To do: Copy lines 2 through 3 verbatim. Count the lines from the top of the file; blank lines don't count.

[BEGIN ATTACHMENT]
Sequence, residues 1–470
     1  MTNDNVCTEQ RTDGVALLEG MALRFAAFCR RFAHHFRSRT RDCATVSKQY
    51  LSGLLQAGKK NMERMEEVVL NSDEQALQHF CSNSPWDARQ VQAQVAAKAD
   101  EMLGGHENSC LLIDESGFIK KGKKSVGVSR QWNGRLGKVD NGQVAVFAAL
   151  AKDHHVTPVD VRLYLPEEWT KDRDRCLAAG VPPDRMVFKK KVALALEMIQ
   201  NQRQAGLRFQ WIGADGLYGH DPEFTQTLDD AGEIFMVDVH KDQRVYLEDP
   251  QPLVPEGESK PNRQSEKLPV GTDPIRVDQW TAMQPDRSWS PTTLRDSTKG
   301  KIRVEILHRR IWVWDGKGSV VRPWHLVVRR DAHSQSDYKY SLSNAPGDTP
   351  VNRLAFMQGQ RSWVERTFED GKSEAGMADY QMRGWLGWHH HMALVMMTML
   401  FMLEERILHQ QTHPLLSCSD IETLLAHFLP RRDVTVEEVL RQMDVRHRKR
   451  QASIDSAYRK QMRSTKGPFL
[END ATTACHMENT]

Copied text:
     1  MTNDNVCTEQ RTDGVALLEG MALRFAAFCR RFAHHFRSRT RDCATVSKQY
    51  LSGLLQAGKK NMERMEEVVL NSDEQALQHF CSNSPWDARQ VQAQVAAKAD